Emil was a reporter for The Next Web between 2012 and 2014. Over the years, he has covered the tech industry for multiple publications, incl Emil was a reporter for The Next Web between 2012 and 2014. Over the years, he has covered the tech industry for multiple publications, including Ars Technica, Neowin, TechSpot, ZDNet, and CNET. Stay in touch via Facebook, Twitter, and Google+.
Pinterest today published its first transparency report, with the promise to release a new edition every six months. The company revealed it only received seven warrants and five subpoenas for a total of 13 user accounts in the second half of 2013 (July through December).
Pinterest says all 12 of its law enforcement requests were from agencies in the US, and 11 came from state or local agencies. The breakdown was as follows: CA (4), FL (2), UT (2), NY (1), OR (1), and WI (1).
Pinterest gives notice to users whose information has been requested unless it is specifically prohibited to do so by the law. Of the 12 law enforcement requests it received, Pinterest was prohibited three times by the law from notifying users, and in one case it refused to provide information in the first place.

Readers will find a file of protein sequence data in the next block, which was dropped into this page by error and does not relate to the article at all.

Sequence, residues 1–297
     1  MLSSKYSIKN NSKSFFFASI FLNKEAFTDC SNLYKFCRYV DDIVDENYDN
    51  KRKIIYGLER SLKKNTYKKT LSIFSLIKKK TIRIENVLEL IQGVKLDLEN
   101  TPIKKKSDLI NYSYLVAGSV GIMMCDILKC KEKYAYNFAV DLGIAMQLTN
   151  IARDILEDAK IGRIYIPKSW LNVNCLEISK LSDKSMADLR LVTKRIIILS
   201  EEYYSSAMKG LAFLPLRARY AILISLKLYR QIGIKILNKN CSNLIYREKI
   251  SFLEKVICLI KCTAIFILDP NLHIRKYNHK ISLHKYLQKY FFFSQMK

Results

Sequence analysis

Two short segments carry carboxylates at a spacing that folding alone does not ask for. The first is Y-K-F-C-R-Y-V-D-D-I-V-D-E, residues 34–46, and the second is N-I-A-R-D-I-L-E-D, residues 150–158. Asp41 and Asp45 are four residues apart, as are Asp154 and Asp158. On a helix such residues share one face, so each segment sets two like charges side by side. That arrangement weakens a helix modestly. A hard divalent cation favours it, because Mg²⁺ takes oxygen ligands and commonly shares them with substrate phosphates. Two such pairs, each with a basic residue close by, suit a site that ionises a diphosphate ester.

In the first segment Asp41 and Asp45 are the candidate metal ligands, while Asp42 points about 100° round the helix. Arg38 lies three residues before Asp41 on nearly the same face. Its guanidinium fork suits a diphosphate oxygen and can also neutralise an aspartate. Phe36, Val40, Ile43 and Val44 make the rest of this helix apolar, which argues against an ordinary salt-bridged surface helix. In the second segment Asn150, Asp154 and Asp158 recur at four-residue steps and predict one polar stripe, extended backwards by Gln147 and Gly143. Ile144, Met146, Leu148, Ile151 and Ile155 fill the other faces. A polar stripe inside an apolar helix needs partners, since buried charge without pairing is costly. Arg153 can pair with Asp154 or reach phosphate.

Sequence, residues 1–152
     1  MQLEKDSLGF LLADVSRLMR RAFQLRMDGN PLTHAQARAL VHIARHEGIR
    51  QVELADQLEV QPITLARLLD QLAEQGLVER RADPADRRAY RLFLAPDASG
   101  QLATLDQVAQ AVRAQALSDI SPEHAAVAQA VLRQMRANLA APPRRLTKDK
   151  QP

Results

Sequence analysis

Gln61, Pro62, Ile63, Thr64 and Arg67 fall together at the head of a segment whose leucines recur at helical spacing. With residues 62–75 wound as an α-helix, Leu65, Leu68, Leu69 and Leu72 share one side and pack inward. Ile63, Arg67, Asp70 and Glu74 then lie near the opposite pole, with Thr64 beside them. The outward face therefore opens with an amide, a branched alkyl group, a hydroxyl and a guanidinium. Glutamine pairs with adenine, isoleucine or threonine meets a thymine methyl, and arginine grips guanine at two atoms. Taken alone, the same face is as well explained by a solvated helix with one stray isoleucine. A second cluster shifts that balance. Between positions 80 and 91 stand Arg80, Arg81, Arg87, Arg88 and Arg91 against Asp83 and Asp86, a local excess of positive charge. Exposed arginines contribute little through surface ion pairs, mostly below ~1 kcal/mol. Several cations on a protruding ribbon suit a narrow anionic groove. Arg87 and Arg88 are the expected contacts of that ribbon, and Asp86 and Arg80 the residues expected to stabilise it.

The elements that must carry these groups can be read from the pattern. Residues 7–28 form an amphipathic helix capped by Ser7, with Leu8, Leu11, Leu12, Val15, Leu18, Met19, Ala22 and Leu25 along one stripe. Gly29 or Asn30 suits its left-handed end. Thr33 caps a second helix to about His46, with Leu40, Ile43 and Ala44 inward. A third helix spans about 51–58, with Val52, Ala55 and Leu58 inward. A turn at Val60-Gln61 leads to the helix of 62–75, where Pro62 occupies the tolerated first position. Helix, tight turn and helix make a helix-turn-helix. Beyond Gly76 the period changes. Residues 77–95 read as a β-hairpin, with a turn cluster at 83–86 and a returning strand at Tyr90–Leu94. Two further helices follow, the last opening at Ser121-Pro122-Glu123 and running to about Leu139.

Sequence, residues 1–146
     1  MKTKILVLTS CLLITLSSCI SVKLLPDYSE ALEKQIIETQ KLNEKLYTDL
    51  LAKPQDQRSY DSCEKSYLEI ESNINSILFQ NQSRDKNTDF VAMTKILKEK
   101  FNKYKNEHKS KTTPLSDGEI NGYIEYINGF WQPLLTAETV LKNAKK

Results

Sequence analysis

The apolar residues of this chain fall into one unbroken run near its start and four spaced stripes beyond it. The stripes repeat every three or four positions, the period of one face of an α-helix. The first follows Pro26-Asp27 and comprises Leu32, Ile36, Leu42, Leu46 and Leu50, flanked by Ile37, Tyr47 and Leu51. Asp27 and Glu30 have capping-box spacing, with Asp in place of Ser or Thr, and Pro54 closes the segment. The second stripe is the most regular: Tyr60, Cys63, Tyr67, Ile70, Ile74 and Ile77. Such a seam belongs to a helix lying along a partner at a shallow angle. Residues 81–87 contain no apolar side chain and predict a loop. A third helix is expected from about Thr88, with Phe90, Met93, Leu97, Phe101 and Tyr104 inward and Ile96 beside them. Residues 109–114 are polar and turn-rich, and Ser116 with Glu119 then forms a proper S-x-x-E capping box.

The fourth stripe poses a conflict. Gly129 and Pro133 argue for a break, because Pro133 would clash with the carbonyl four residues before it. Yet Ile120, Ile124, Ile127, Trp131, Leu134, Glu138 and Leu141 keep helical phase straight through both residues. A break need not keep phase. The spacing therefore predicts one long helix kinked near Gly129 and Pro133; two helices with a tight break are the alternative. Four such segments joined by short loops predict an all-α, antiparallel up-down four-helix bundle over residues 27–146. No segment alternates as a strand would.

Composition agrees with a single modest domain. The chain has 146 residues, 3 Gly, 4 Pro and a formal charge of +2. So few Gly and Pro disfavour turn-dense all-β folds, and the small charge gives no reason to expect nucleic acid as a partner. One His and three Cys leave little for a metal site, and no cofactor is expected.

“Every company that stores information — from banks to phone companies to email providers — must respond to requests for that information from folks like law enforcement agencies, courts, and others,” Pinterest explains. “We think it’s important that you know about these requests.”
Ever since the NSA fiasco blew up, tech companies have been making an increased effort to be transparent about what law enforcement asks of them. Behemoths like Apple, Google, and Microsoft all share data, but even sites like Facebook, Twitter and Tumblr recently joined the fray.
Pinterest stands out in that its government data requests are orders of magnitude lower. Instead of being in the thousands or hundreds, it gets just a handful. Whether that changes over the years will largely depend on how quickly the service grows and whether it ever lets users post more than just basic pins.
See also – Facebook, LinkedIn, Yahoo, Google and Microsoft disclose new data about number of NSA requests received and Here’s the letter Apple, Google, Microsoft and others sent to the US government over data requests
Top Image Credit: Karen Bleier/Getty Images
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